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Raúl J. Martín-Palma

Prof. Raúl J. Martín-Palma

Professor of Applied Physics
Universidad Autónoma de Madrid
Adjunct Professor of Materials Science and Engineering, The Pennsylvania State Univ.
Departamento de Física Aplicada
Universidad Autónoma de Madrid
28049 Cantoblanco

tel: +34 91 497 40 28
fax: +34 91 497 39 69
E-mail: rauljose.martin@uam.es
Web: http://www.matse.psu.edu/about-us/people/faculty/raul-martin-palma

Area of Expertise

Nanotechnology, Nanomaterials, Bioinspiration, Biomimetics, Photonics, Solar energy, Biomaterials


Raúl J. Martín-Palma is Professior of Physics at the Department of Applied Physics of the Universidad Autónoma de Madrid (Spain) and Adjunct Professor of Materials Science and Engineering at The Pennsylvania State University (USA). He received his M.S. degree in applied physics in 1995 and his Ph.D. in physics in 2000, both from the Universidad Autónoma de Madrid. He has been a post-doctoral Fellow at the New Jersey Institute of Technology (USA) and a visiting professor at The Pennsylvania State University (USA). He has received young scientists’ awards from the European Materials Research Society and Materials Research Society for his research on nanostructured materials. He serves as an associate editor of the Journal of Nanophotonics and is a Fellow of SPIE.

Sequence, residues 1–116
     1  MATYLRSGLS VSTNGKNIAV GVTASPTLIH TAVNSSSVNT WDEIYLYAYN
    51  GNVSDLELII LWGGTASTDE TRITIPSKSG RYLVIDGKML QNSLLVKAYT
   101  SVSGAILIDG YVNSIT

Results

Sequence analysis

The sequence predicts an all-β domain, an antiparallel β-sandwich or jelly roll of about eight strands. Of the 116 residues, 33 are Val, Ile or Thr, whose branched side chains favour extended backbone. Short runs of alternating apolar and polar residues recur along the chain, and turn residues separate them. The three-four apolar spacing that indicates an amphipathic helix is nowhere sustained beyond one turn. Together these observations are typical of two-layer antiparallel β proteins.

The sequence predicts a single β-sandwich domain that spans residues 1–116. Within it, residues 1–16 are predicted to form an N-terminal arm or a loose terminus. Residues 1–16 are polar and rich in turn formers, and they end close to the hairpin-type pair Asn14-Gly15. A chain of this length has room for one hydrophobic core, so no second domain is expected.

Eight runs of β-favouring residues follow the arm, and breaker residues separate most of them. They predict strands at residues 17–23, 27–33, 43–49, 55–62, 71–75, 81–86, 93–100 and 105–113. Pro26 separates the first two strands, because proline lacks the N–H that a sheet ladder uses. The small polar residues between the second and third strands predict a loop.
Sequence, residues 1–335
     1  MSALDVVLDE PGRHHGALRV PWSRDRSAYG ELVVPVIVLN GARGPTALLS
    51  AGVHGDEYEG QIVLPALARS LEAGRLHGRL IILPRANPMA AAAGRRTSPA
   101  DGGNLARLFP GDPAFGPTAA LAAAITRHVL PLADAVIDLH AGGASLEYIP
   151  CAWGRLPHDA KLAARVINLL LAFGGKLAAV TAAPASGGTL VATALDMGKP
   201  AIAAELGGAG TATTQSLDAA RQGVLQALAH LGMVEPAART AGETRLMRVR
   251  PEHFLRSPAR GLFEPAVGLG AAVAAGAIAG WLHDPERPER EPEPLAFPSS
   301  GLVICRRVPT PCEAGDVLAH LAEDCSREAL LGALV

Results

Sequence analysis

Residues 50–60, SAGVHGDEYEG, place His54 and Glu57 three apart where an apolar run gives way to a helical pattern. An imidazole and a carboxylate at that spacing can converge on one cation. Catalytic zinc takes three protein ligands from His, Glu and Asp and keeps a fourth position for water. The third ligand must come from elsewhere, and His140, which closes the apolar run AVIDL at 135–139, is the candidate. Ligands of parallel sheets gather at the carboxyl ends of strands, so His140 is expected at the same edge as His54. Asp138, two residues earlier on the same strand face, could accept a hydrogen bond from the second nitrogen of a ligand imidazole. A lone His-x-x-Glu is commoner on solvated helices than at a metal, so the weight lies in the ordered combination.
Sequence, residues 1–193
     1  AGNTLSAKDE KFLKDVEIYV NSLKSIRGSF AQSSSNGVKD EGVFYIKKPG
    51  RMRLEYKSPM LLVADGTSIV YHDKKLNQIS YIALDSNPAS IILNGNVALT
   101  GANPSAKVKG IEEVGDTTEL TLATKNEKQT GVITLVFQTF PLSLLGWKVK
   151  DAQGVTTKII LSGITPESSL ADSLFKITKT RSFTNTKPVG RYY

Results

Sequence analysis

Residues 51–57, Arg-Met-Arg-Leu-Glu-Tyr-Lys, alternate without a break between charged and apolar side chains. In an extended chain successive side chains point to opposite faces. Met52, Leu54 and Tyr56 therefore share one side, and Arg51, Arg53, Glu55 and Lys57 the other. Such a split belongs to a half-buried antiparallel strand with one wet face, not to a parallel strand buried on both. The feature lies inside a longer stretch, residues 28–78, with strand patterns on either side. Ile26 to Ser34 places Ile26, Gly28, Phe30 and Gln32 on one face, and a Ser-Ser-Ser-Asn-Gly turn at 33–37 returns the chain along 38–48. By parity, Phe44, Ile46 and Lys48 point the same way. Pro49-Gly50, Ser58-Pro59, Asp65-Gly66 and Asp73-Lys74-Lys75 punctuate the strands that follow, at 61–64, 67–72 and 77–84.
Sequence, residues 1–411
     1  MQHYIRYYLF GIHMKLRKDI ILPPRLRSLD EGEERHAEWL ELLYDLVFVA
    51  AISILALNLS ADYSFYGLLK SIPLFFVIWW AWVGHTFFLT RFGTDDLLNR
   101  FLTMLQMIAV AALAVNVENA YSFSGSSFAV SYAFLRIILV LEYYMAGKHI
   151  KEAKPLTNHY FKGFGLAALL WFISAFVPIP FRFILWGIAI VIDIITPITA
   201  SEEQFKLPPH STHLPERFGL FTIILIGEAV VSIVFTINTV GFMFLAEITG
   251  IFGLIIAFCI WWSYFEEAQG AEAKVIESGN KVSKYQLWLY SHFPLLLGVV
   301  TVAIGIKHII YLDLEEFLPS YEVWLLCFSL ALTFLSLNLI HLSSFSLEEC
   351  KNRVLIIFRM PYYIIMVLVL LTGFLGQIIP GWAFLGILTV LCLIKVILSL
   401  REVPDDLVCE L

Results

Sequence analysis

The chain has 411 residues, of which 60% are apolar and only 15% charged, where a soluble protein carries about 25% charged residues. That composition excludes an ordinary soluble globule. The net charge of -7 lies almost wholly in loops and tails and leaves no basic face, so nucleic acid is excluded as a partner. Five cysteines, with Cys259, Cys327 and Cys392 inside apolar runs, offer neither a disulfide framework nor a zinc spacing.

Lecture Title(s)

Fundamentals of nanotechnology
The past few decades have seen an explosive increase in our ability to create nanostructures and nanosystems with a great degree of control, using an ample diversity of techniques. This ability has been accompanied by a similar enhancement in our ability to characterize structures and systems at the nanoscale. This lecture will provide a broad overview of nanostructures and nanosystems, including their applications.

Bioinspiration and biomimetics
Living organisms are a powerful source of inspiration for innovations in many different fields and for entirely different reasons. The rapidly-evolving fields of Bioinspiration and Biomimetics takes ideas and concepts from nature aiming at implementing them in several fields of science, ranging from engineering to computing. Nature often provides simple, elegant, and optimal solutions which can be adapted to the development of novel devices and systems with tailored functionalities. This is a highly multidisciplinary area which embraces aspects related to physics, material science, nanotechnology, biology, chemistry, and computing.

Nanotechnology: Nanofabrication and characterization techniques; Applications
Nanostructures have at least one dimension in the range of a few nanometers, thus exhibiting novel and counterintuitive   physico-chemical properties not shown by the corresponding large-scale structures of the same composition. In this lecture, issues such as nanofabrication techniques, methods for characterizing nanostructures, and several applications for nanomaterials will be discussed.